Open access peer-reviewed chapter

Colloidal Stability of Cellulose Suspensions

Written By

Marina Stygar Lopes

Submitted: July 6th, 2020 Reviewed: October 14th, 2020 Published: November 6th, 2020

DOI: 10.5772/intechopen.94490

Chapter metrics overview

513 Chapter Downloads

View Full Metrics


Cellulose is the most abundant natural compound in nature and the main component of the cell wall of plants. It is a linear polymer with a high degree of polymerization, responsible for most of the properties of wood. Colloidal phenomena are often used in various industrial production processes. Suspended cellulose, used worldwide in the paper and cellulose industries, with regard to stability, has a high tendency to aggregate and form clots. The different interactions between the dispersed phase and the dispersion phase are one of the critical points in the study of the behavior and stability of colloids. Cellulose is no different, as several studies seek to improve the colloidal stability of cellulose in aqueous media by observing the specific characteristics of the colloid, such as its geometry, mass and area/volume ratio, and the possible interactions between particles that make up the cellulose dispersion in order to understand and control colloidal stability. Therefore, the objective of this chapter is to define the main characteristics of colloids, to classify them, to present the main methods of preparation, to address important aspects about colloid stability and the colloidal stability of cellulose.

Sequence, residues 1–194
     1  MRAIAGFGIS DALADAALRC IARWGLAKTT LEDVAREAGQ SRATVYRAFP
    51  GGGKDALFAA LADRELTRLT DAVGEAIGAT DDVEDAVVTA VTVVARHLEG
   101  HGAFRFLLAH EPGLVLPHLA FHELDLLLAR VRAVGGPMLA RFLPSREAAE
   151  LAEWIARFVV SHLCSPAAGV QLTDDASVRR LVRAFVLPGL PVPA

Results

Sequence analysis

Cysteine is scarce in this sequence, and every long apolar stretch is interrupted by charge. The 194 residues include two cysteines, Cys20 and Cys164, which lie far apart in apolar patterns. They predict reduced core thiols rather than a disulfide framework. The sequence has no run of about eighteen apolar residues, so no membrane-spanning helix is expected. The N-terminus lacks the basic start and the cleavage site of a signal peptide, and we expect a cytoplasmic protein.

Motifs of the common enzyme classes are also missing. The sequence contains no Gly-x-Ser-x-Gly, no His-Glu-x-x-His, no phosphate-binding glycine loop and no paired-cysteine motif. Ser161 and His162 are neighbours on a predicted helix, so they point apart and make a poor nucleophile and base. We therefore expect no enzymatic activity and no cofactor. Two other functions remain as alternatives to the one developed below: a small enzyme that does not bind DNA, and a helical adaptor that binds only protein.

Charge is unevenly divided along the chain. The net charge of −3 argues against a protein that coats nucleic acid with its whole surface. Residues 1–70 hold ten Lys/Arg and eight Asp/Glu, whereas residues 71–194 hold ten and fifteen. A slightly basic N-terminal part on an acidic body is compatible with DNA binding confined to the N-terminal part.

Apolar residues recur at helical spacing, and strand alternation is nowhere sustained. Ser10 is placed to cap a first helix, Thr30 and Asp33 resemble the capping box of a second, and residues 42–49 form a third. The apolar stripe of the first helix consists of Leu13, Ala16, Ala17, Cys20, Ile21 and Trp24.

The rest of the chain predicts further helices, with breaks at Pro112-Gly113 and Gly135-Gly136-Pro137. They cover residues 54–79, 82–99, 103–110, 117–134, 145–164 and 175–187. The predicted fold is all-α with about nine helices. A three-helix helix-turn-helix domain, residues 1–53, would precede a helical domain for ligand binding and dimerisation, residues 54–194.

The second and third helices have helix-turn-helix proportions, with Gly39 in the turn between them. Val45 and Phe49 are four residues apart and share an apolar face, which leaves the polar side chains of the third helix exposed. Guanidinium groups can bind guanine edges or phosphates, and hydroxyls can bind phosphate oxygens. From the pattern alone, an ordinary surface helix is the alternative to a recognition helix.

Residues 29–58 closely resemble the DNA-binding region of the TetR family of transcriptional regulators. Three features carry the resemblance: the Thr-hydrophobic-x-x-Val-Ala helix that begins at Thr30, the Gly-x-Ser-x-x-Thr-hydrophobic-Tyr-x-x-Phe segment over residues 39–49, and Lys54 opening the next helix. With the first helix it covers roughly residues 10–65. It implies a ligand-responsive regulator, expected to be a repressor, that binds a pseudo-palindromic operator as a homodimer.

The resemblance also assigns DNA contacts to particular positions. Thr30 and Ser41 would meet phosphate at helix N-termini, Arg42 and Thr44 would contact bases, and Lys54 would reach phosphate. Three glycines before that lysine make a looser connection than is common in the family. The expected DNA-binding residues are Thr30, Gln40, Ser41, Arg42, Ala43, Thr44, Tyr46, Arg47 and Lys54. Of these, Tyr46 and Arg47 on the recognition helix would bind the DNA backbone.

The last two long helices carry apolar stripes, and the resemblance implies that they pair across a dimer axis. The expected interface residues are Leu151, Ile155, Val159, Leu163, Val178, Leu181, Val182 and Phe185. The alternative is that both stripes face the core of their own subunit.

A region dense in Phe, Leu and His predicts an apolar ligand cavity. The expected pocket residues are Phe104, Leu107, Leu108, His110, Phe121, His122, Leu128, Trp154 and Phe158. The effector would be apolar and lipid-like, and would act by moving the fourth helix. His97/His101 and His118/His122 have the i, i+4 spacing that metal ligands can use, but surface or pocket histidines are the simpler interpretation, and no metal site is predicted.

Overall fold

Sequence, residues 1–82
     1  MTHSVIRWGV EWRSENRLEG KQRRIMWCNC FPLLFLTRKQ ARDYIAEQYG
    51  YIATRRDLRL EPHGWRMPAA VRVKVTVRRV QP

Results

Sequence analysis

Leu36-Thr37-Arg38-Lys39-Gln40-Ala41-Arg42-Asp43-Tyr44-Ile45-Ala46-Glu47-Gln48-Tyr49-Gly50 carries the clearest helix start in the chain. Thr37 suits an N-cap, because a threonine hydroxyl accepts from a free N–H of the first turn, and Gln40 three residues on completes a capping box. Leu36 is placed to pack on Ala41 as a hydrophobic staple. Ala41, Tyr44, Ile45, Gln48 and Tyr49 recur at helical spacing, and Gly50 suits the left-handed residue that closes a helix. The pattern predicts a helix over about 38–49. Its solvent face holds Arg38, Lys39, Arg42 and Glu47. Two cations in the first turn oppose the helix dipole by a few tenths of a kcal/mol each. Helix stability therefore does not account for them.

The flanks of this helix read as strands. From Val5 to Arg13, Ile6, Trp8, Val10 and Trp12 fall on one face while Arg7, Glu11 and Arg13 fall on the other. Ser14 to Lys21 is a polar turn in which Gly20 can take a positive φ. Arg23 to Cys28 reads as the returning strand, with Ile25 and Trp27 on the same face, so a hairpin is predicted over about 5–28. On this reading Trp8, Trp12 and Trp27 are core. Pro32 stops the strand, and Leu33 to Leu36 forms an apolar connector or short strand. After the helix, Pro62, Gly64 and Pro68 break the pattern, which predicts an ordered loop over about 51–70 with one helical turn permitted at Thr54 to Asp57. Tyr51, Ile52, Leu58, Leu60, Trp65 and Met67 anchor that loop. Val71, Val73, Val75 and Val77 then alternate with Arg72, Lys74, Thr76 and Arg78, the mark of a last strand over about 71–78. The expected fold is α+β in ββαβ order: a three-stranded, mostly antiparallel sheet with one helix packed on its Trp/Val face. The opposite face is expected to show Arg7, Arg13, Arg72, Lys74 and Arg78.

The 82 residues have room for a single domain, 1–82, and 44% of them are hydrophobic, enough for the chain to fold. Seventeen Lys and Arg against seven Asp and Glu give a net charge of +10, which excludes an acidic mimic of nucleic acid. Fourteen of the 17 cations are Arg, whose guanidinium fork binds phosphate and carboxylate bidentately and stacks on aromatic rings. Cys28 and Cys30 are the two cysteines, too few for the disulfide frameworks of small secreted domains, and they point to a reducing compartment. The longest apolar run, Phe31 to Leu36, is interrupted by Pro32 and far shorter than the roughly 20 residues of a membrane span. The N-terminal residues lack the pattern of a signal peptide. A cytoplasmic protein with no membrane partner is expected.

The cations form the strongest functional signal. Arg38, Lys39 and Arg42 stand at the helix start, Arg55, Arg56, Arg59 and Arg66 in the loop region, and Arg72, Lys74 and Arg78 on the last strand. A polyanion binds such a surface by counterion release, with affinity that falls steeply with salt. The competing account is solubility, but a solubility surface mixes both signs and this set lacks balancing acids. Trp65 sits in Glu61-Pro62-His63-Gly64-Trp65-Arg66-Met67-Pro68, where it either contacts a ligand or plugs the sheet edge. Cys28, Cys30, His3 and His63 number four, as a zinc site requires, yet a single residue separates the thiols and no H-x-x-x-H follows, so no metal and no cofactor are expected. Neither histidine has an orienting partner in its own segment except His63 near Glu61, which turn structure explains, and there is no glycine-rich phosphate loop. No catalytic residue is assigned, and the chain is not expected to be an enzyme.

• colloids
  • suspension
  • cellulose
  • colloidal stability
  • cellulose fibers
  • lignocellulosic material

1. Introduction

Colloids are heterogeneous mixtures of at least two distinct phases, with the material of one of the phases in a finely divided form (solid, liquid or gas), called dispersed phase, mixed with the continuous phase (solid, liquid or gas), called medium dispersion [1].